Irish economy to get injection of up to €7bn in stimulus measures

Huge financial package aimed at mitigating record 8.3% recession forecast across EU

Minister for Finance Paschal Donohoe is  understood to be working on a scheme that will offer a tax rebate to encourage people to holiday in Ireland this year. File photograph: Getty

Minister for Finance Paschal Donohoe is understood to be working on a scheme that will offer a tax rebate to encourage people to holiday in Ireland this year. File photograph: Getty

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The Government will commit to a spending package approaching €7 billion to boost the State’s economic recovery from the coronavirus pandemic when it publishes its July stimulus plan this week.

Senior sources confirmed yesterday that more than €6 billion – split between straight expenditure for grants and stimulus, tax rebates, and the credit guarantee scheme – had already been committed to.

The figure is likely to rise, with further measures being added when the plan is considered by the Cabinet Committee on Economic Recovery, which is chaired by Tánaiste Leo Varadkar, to be finalised at a full Cabinet meeting on Wednesday.

“It will be at least €6 billion when you include the €2 billion already committed under the credit guarantee scheme. And it could rise to close to €7 billion depending on what is decided [on Monday and Tuesday],” the source said.

Minister for Finance Paschal Donohoe is also understood to be working on a scheme that will offer a tax rebate to encourage people to holiday in Ireland this year.

Mr Varadkar and Government colleagues have given broad indications of what will be included in the stimulus package, including an extension of the Wage Subsidy Scheme and the Pandemic Unemployment Payment until spring next year.

Tánaiste Leo Varadkar and Government colleagues have given broad indications of what will be included in the stimulus package. Photograph: Alan Betson
Tánaiste Leo Varadkar and Government colleagues have given broad indications of what will be included in the stimulus package. Photograph: Alan Betson

A continuation of the commercial rates waiver is also expected, as well as a larger restart grant for businesses that were forced to close as a result of coronavirus.

Brussels deadlock

There was deadlock in Brussels last night between European Union leaders on the scale of a plan to help drag the continent out of the recession caused by the pandemic. Marathon talks to bridge divisions over a proposed €1.8 trillion package, comprising the seven-year EU budget and a one-off €750 billion recovery fund, have been taking place since Friday.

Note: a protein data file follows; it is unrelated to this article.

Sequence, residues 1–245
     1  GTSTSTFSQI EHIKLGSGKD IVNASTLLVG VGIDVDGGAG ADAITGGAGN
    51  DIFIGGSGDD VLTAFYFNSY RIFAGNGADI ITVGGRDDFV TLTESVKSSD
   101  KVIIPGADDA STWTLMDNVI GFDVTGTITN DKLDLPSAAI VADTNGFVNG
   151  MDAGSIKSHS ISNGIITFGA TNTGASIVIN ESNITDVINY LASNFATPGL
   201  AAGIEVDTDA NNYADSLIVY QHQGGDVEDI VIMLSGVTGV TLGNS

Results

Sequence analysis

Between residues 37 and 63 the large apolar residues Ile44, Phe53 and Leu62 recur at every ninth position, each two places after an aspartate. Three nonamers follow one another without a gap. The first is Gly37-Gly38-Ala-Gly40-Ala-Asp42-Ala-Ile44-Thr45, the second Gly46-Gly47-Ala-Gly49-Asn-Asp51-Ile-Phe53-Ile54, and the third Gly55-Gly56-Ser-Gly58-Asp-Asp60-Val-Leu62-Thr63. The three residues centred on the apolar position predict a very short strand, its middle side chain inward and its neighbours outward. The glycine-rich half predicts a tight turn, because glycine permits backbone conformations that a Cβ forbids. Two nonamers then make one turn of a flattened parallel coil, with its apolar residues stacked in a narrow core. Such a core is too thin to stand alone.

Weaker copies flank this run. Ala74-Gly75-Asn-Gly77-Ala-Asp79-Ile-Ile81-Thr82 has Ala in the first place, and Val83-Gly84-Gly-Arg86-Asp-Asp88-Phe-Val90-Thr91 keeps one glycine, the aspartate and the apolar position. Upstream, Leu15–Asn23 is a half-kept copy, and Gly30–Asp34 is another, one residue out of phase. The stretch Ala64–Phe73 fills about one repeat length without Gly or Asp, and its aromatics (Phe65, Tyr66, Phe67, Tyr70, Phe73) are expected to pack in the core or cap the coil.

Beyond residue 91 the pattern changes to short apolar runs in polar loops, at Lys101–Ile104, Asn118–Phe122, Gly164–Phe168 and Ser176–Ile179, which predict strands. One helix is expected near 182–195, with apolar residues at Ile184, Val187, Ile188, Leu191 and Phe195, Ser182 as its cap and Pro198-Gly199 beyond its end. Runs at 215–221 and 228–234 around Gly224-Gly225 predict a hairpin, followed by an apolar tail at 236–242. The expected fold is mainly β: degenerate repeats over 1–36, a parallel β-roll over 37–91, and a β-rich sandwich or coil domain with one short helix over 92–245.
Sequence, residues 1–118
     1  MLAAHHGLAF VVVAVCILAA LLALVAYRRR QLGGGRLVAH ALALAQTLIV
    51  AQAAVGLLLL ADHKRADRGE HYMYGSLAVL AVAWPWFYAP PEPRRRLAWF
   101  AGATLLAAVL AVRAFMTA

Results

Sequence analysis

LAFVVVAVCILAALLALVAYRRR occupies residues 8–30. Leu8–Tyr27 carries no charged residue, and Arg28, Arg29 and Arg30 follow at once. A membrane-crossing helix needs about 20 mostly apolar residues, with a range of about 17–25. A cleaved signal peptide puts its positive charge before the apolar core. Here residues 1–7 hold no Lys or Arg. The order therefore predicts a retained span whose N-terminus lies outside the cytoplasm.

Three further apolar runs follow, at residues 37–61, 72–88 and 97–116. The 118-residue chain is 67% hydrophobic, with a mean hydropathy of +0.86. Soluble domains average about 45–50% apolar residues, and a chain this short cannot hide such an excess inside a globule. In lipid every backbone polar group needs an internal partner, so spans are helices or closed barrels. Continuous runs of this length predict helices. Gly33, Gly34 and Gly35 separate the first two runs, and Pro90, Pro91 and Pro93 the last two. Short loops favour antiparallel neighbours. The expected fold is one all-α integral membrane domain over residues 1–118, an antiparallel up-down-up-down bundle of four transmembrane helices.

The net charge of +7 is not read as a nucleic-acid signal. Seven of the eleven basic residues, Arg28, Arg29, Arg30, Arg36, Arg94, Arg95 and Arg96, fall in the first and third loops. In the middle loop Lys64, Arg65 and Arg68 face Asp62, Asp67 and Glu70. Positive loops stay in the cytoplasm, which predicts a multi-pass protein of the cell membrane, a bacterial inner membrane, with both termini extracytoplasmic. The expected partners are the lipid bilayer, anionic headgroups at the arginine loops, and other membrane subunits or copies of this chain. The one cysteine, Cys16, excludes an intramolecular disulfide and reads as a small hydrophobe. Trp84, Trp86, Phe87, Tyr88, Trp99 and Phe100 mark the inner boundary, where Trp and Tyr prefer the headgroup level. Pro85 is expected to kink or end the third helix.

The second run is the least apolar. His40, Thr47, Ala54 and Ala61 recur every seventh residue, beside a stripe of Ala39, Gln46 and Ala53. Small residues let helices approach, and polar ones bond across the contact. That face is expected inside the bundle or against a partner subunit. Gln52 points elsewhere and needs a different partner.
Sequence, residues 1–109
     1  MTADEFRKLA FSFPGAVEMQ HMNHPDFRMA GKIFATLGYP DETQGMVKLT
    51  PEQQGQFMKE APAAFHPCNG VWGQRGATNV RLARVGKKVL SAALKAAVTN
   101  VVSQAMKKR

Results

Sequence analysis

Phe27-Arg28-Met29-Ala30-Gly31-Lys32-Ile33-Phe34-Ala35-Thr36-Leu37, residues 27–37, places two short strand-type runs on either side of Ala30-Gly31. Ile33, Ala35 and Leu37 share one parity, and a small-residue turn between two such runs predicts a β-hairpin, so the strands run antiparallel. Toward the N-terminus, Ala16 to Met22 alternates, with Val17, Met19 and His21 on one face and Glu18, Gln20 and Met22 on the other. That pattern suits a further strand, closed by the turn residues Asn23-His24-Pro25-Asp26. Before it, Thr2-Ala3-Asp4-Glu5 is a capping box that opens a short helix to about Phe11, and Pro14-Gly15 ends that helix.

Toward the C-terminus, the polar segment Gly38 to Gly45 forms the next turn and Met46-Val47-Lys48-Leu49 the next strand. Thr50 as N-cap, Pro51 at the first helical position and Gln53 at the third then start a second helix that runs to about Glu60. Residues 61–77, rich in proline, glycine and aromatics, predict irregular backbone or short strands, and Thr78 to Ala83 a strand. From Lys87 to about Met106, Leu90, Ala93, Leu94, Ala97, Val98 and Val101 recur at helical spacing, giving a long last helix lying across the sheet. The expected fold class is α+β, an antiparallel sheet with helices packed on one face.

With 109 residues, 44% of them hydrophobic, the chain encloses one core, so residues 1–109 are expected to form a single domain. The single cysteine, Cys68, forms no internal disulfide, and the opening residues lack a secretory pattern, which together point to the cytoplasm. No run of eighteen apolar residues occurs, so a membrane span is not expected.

European Central Bank president Christine Lagarde said reaching an ambitious financial aid package for the bloc was more important than sealing a quick deal at any cost.

The summit is one of the longest-running ever, with member states eager to keep trying to find a compromise, given that a failure to do so could spook financial markets and fuel doubts about the efficacy of the EU in times of crisis.

The EU economy is forecast to contract by a record 8.3 per cent this year, with some member states hit far worse than others by the downturn.

The European Commission has proposed a recovery fund of €750 billion, which it would borrow from financial markets and distribute to member states.

The bulk of the money would be given out in grants that do not need to be paid back by national governments but would be recouped through joint EU levies such as a future plastic tax. But the proposal was blocked by disagreements about the size of the recovery fund and how it would be allocated to member states.

Irish demands

Countries including Ireland demanded a change to the system for calculating how much of the funds each member state should get, hoping for a greater proportion. The main objections came from group of “frugal” countries – Austria, Denmark, the Netherlands, and Sweden – which pushed for a more modest package, and for a reduction in the amount of grants, fearing they could incur liabilities and face punishment from domestic voters opposed to monetary distribution in the EU.

Taoiseach Micheál Martin leaves after an European Union Council in Brussels on Sunday over a post-virus economic rescue plan. Photograph: John Thys/AFP/Getty
Taoiseach Micheál Martin leaves after an European Union Council in Brussels on Sunday over a post-virus economic rescue plan. Photograph: John Thys/AFP/Getty

Meanwhile, Minister for Public Expenditure Michael McGrath said that in addition to measures announced already, the Government was examining if projects that were “shovel ready” in areas such as transport could be started sooner.

A plan to retrofit 500,000 homes to improve their energy efficiency is also expected to begin earlier than expected, as part of the “green economy” section of the stimulus plan.

Sinn Féin and Labour have already published alternative plans to stimulate the economy with spending commitments of €8.6 billion and €10 billion respectively. Mr Varadkar has said it is the Government’s preference to keep the deficit to €30 billion this year and that there was a limit to the amount that could be spent on stimulus measures.